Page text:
Note that although the business does have flexibility with the 24-week spend period, a business is not required to wait until the end of the 24-week period to apply for forgiveness.   The business can apply for forgiveness after its 8-week period.  It might make sense to do so if the business is satisfied with their level of calculated forgiveness after that period.

PPPFA relaxes employee rehire requirements

As part of the loan forgiveness calculation, it was important to keep the same number of employees and salaries to enable more of the PPP loan to be forgiven.  The key date to look at in terms of full-time equivalents (FTEs) was June 30, 2020 under the old rules.  The way the Covid-19 pandemic affected business operations has affected a business’ ability to bring back the number of people by June 30, 2020.  The only exception to this rule was that an employer could remove an employee that refused a written offer to return to work from its FTE calculation.

The PPPFA extends the rehire date to December 31, 2020 and states that a business can still receive forgiveness on payroll amounts if a) is unable to rehire an individual who was an employee of the eligible recipient on or before February 15, 2020, b) is able to demonstrate an inability to hire similarly qualified employees on or before December 31, 2020 or is c) able to demonstrate an inability to return to the same level of business activity as such business was operating at prior to February 15, 2020.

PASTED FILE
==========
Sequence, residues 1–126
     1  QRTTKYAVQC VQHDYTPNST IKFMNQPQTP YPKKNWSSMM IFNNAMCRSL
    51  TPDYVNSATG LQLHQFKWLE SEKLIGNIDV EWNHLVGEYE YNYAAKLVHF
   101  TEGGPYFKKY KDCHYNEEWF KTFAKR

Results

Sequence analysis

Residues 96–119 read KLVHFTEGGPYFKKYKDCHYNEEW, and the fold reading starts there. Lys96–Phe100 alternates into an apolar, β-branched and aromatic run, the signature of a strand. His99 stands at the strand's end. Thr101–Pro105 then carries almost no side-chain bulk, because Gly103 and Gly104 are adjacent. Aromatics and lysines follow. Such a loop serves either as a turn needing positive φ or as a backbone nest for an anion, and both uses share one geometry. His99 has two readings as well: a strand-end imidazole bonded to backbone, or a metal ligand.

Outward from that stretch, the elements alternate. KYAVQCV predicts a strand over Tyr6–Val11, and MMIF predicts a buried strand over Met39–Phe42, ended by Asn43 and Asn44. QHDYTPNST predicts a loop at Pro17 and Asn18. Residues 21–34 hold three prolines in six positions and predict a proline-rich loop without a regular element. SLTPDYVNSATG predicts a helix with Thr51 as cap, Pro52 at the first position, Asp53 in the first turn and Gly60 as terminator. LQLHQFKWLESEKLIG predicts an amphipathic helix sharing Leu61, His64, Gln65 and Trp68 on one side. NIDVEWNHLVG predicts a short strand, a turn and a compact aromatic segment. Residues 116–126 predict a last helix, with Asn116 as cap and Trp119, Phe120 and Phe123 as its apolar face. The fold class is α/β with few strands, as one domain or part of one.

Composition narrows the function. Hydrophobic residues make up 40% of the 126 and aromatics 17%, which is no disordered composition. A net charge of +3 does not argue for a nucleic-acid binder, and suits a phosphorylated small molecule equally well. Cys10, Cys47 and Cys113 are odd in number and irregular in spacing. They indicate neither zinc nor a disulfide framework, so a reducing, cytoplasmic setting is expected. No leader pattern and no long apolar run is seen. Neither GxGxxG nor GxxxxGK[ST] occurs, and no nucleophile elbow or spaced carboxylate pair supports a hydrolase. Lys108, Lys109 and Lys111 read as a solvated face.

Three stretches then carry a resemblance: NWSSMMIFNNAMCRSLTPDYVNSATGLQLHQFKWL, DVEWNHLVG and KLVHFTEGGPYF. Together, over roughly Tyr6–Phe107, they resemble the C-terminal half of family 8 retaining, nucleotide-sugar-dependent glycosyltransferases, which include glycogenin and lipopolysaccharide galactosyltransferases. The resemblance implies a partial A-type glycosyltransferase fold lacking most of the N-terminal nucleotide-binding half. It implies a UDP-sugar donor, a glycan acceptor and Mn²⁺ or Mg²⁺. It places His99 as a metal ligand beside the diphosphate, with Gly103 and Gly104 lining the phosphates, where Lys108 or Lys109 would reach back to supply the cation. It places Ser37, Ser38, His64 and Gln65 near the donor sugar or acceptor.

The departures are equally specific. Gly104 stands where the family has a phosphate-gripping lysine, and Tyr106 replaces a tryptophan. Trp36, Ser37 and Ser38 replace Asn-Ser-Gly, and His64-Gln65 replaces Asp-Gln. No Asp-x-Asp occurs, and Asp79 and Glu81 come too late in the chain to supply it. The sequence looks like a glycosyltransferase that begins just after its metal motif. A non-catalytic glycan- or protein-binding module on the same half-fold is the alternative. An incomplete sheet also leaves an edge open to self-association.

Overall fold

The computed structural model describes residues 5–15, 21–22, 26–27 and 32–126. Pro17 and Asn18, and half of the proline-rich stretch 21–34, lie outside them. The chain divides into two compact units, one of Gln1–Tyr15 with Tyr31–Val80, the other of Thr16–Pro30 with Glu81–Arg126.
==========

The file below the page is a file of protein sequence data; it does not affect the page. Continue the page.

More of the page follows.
There is a lot to unpack with these new rules and certainly introduces another layer of subjectivity into the equation.  We expect that more guidance will be provided by SBA/Treasury on how these new requirements will be documented and incorporated into the forgiveness calculations.  There will be yet another round of “loan forgiveness calculators” interpreting Congressional intent.


PPPFA changes term of loan and repayment timing

The CARES Act that created the PPP allowed for loan periods for amounts not forgiven, not to exceed 10 years and the cap on the interest rate was 4%.  The actual PPP loan terms as originally released by SBA were a 2-year loan period with an interest rate of 1%.  The PPP loan also allowed for a 6-month deferral of payments.

For new PPP loans, the PPPFA requires a loan maturity of 5 years and a deferral of all payment of principal, interest and fees until the date on which the amount of the loan forgiven is remitted to the lender by SBA.  It is possible that the first payment on any non-forgiven amount wouldn’t be due until May 2021.

For existing PPP loans, the extension of the loan term from 2 years to 5 can also apply if both the lender and borrower agree. 

Deferral of employer portion of payroll taxes

The CARES Act allowed for employers to defer the payment of the employer portion of Social Security taxes so that 50% would be paid by December 31, 2021 and 50% would be paid by December 31, 2020.  However, this payroll tax deferral was not available for those businesses with loan forgiveness under the PPP.

The PPPFA allows borrowers receiving loan forgiveness to utilize the CARES Act payroll tax deferral provision.

The PPPFA certainly addresses many of business concerns that have been expressed since the CARES Act was enacted.  However, it seems as though every new piece of legislation brings additional questions.  The PPPFA is no different in that regard.  We expect to see additional guidance regarding the practical application of some of the aspects of the PPPFA.  However, with the first of the PPP loans at or near the end of their 8-week periods, at least the extension of the spend period to 24 weeks alleviates some of the immediate need for answers.

If you have any questions concerning the Paycheck Protection Program Flexibility Act, please contact your Maillie representative via phone or email.